The Secret Lives of Dentists (2003)

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Slater: These children are monsters, they should be struck… can I hit them?
David: No.

In “The Secret Lives of Dentists” we get a glimpse at the life of a dentist no one really sees, the life of a dentist, a person who people fear once they sit on the chair preparing for a check up, he’s the person, as character Slater says, everyone hates and no one wants to know because all they want to do is sit down get their work done and get the fuck out. David, played by a serene Campbell Scott, is the very submissive dentist who follows his usual daily routines and is always enveloped in his career. When he returns home he is very enveloped in the raising of his three daughters, one of whom clings to him like an extra limb and refuses to acknowledge her mother.

David takes all of his workaday boring activities in stride and is very focused, his wife Dana, however isn’t given the attention she desires though it looks as if David tries. Dana is an aspiring theater actress and singer, and one night on a big performance of hers in the city, David unexpectedly catches Dana kissing another man. He doesn’t confront her, yet goes about his business focused and trying to register what he’s just seen. He knows this affair will change things but is he upset because she’s seeing another man, or because it will break his daily routines? That’s a question the story begs to ask its audience, and I was entertained because this gives us something to do while watching. David continues about his activities imagining very funny scenarios of Dana’s affairs being fondled by mysterious men, engaging in threesomes, his eventual confrontation with her asking “When you kick someone out, do you really kick them out, or do you kick them?”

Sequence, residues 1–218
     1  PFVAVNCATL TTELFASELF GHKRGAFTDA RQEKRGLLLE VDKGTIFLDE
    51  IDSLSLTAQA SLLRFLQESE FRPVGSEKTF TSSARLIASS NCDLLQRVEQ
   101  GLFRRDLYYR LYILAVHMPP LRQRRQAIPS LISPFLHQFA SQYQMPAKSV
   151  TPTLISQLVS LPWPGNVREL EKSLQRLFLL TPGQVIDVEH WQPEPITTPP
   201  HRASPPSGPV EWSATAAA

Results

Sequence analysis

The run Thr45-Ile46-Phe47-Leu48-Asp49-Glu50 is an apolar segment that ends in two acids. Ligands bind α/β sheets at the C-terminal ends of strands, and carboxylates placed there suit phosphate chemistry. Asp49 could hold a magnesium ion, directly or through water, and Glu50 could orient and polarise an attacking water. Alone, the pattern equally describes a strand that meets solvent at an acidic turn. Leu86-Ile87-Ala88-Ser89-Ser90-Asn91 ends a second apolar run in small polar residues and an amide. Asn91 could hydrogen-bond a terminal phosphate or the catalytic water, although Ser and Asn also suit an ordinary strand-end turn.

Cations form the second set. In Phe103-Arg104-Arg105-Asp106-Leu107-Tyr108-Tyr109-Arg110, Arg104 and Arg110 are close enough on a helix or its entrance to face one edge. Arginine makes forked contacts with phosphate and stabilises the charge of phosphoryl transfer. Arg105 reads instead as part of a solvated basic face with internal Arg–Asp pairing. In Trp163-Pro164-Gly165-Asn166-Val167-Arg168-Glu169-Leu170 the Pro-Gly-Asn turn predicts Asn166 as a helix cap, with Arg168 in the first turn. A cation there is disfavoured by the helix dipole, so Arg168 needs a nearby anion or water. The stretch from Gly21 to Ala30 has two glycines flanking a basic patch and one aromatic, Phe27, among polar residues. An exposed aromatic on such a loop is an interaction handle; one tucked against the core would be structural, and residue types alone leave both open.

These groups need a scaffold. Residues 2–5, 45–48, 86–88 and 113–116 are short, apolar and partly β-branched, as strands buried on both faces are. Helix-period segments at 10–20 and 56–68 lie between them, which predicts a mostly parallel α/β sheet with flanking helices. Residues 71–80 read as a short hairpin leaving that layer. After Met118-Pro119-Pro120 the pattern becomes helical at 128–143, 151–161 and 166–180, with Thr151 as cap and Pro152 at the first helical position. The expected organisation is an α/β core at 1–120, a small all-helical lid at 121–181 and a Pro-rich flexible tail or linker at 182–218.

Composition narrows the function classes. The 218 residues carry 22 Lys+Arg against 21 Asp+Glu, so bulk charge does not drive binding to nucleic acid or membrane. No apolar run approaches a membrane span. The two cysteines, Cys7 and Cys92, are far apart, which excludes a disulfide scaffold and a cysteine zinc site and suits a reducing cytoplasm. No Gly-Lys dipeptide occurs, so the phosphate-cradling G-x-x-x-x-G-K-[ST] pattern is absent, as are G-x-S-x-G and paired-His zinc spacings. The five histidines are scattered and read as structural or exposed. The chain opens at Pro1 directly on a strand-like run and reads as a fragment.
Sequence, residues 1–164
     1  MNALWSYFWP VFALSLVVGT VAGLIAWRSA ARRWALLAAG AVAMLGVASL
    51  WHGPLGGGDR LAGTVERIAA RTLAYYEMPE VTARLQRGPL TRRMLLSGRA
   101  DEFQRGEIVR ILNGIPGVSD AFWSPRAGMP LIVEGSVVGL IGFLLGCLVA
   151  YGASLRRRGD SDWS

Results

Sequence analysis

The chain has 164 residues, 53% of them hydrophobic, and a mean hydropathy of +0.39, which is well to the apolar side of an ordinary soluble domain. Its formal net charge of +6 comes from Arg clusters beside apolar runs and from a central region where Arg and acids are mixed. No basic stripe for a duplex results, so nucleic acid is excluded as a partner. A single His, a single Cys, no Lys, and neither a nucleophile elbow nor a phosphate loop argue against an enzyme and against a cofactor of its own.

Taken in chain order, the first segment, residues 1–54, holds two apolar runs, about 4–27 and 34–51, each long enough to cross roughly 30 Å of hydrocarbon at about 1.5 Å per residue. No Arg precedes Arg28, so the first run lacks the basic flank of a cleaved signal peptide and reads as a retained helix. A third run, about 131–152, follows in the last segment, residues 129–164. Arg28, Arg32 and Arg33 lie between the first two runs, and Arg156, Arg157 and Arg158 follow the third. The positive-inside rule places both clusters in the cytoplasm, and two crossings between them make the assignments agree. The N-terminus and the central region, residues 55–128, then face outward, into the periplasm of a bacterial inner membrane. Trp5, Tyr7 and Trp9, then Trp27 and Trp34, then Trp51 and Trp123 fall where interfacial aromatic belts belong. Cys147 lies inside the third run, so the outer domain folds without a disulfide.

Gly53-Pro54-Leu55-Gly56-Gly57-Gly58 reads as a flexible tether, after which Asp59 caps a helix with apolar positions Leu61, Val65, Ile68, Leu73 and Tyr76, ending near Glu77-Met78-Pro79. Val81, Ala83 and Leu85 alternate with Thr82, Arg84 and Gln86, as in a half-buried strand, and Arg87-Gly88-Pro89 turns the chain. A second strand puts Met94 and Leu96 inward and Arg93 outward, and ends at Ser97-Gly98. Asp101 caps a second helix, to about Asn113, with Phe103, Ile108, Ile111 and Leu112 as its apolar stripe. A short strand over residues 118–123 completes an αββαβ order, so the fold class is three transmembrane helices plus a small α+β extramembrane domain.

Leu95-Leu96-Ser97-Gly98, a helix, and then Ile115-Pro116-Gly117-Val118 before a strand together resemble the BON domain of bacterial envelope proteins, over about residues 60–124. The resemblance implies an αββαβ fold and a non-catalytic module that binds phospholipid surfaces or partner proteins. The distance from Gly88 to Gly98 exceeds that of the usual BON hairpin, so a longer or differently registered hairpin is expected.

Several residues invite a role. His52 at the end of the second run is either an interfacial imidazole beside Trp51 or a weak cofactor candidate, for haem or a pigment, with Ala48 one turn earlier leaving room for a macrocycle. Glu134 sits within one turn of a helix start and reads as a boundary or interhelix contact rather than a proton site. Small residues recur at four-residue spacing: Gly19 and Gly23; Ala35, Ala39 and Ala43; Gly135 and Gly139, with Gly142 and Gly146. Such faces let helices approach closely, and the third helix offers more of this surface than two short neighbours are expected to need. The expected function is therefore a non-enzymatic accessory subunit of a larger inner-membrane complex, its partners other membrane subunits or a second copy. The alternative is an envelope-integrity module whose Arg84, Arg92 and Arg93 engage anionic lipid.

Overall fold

Campbell Scott gives a very good performance as a man set in his ways, also engaging in a very torturous profession where he also gets little respect. Denis Leary gives a very good performance here as Slater, a polar opposite to David who seems to mouth off, is charismatic, and an outward sense of fashion. After Slater exits the story after a confrontation in a theater, his presence remains and the writers build him as a figment of David’s imagination symbolizing David’s suppressed rage, anger, and lack of emotional outbursts. His Mr. Hyde guides him to independence and in slamming down the iron fist on his household. Though it does get a little overly weird for the purposes of weird in the middle, this is a profound study of lack of communication in a marriage with some great performances from Scott, Davis, and Leary.